12. Brief Encounters

I know, you’ve not been able to sleep wondering about the crew briefing last Saturday. I’m afraid that all was not revealed although we did have a good day. You can see the crowds on the header, there were 240 crew and 150 supporters in attendance at Lords Cricket Ground.

The first thing everyone involved in the race was to pick up their soft-shell Musto jackets. Here’s John looking very proud.

They all wore them with pride, we could see from the back who was who (apart from us poor souls).

We did not manage to meet Keith (see his blog prettymuchallatsea for lots of good details on sailing) but Heather found us, I think she went round with her phone looking at all the men to see if they matched the photo George had sent her (they were on level two together). I have to confess that I said “oh, that looks like our kitchen” rather than “oh that looks like John”. Heather’s blog is dreamitnowdoit and that’s exactly what she’s doing. For me it was great to meet a landlubber in the same (non) boat, being left behind whilst they go off around the world. Mind you, everyone I talked to said they preferred the sound of my adventure (turn left on plane and check into five star hotels with nice bathrooms) than the rough and tough of the boats.

Heather and Darren and John

Before we even arrived, John got into the mood by buying a magazine we’ve never tried before.

Article on Wendy Tuck

So what did we learn on the day? Everyone can expect to have an injury at some time during the race, with luck not serious but enough to keep the “medics” on board busy.  Now there’s only 7 months left we all need to start focussing. This means KNOTS: Sir Robin said he goes round at each port with a piece of rope, if you can’t tie the knot he asks for you’re on the plane back home! The crew will end up not just sailors but all-round seamen.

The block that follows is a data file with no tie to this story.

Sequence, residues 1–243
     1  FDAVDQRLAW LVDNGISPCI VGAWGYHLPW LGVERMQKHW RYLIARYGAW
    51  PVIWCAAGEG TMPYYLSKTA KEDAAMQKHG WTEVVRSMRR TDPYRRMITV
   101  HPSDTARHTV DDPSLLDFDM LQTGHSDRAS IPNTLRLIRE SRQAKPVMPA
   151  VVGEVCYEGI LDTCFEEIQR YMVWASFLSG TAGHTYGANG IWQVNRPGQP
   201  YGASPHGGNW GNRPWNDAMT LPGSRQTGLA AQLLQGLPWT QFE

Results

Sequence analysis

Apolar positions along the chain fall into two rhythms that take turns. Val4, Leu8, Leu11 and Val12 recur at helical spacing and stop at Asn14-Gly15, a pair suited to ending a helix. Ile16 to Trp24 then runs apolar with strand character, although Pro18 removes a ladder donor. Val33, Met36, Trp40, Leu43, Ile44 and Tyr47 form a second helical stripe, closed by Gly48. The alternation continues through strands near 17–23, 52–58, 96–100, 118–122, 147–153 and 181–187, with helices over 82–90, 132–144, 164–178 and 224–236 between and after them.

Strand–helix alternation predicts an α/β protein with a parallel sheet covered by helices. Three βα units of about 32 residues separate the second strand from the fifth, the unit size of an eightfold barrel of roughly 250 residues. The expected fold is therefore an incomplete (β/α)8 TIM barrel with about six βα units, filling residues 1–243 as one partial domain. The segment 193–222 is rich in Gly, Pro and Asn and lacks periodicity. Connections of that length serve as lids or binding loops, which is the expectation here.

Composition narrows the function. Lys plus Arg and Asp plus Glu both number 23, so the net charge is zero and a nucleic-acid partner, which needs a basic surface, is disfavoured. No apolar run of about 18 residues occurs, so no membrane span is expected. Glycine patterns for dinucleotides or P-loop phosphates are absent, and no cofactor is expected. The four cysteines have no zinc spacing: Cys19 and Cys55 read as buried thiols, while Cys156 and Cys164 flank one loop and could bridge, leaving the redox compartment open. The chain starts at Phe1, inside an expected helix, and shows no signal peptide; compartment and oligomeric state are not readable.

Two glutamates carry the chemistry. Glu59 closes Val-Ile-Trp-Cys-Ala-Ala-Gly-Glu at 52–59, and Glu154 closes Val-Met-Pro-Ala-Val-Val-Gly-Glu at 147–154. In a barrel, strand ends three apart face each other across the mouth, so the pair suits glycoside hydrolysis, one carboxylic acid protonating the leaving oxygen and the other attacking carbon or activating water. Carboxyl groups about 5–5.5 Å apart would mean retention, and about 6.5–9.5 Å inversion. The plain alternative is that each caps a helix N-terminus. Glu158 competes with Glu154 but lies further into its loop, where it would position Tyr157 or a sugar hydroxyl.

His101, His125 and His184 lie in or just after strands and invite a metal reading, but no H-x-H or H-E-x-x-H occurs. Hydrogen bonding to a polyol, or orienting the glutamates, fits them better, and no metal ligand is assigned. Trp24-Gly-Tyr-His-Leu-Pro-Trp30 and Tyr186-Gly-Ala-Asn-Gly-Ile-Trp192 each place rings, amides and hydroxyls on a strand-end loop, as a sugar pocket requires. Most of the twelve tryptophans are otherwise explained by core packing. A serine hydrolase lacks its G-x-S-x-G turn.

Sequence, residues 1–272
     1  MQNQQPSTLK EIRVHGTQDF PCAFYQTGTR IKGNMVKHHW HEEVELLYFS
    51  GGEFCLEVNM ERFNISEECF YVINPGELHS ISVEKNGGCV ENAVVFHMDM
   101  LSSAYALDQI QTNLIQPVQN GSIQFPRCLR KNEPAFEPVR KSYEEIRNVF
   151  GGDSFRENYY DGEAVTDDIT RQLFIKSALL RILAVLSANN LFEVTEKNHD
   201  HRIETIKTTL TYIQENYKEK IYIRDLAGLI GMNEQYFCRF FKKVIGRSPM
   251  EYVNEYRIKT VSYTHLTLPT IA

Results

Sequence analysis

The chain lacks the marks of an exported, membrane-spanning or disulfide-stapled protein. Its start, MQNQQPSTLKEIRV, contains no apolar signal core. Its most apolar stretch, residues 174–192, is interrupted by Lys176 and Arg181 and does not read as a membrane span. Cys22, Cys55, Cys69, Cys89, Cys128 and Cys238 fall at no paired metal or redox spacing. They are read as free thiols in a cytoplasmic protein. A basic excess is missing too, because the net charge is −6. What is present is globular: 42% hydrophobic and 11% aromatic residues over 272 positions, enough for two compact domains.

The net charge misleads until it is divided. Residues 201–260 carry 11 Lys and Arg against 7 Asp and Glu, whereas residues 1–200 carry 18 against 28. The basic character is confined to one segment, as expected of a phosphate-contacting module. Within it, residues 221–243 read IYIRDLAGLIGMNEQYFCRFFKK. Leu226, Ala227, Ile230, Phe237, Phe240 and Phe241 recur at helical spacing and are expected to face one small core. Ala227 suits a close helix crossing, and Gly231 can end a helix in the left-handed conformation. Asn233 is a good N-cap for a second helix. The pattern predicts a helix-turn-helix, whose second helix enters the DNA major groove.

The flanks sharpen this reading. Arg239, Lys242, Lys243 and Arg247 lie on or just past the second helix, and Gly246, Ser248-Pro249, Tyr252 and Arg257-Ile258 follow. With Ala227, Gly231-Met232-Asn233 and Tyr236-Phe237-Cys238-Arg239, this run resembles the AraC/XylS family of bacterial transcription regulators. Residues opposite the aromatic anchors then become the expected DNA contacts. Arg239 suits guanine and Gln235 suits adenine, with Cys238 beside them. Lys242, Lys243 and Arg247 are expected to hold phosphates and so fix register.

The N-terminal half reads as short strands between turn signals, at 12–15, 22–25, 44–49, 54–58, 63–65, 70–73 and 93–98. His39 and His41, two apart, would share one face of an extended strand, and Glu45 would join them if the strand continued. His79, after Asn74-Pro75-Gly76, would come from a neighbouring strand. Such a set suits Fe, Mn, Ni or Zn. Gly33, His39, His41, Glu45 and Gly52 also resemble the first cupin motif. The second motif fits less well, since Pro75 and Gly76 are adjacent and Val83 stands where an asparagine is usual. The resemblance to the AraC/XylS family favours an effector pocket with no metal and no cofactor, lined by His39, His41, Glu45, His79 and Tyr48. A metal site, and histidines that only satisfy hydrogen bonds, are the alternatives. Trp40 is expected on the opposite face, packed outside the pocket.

Regarding the actual race route, it’s still being formalised. It will be roughly the same as last time with a UK start.  The start date is probably mid-August to early September depending on the ports chosen. As soon as destinations are known it will be posted on the Clipper website.

Leg 1 will have two races to South America, potentially two stopovers in South America or one in Europe and one in South America. It will be the first equator crossing so anyone who’s not done it before can expect to be involved in a ceremony appeasing the Gods (don’t know why, maybe I’ll do a bit of research and get back to you on this).

Leg 2 is one race to South Africa, most likely stopping at Cape Town. Leg 3 is one race to Freemantle and Leg 4 one race to the East Coast, port not yet confirmed. The fleet will NOT join the Sydney-Hobart race on Boxing Day (December 26th) as they’ve done the last few times.

Leg 5 is probably three races, across the top of the Philippines to Sanya, a short fast race to another port with a pit-stop then a short sprint to Zhuhai where there will be a longer stop and crew change for the leggers. Leg 6 is two races, to Qingdao (short but tough) then over to the West Coast of the USA (port not yet finalised).

Leg 7 follows down the West Coast to Panama, where the race finishes and the fleet meet up for the Panama Canal transit. They then race up to an as-yet-unknown port on the US East Coast. Finally, leg 8 is back to the UK, possibly consisting of two or three races with all ports to be confirmed.

A bit of light relief before more details: even though I did not get a supporter’s jacket (may suggest they create these?) I did have some very appropriate earrings in my collection that I wore for the day.

Racing earrings!

Back to the race. The fleet is currently in Gosport being refitted. Each yacht needs about eight weeks to be fully fitted: everything is ripped out, checked, serviced or replaced as necessary. This will take until June, in time for the Level Four training (racing in the right boat with the correct crew and skipper to get used to each other).  There is no need for anti-fouling as a copper coating was put onto the boats previously and this works well: in earlier races, someone would have to dive under the boat to remove all the barnacles and seaweed and mermaids trapped there.

Once this is done, all that is needed is fuel, water, gas, food and the crew. Talking of which, you may have noticed that someone is missing.

5 thoughts on “12. Brief Encounters

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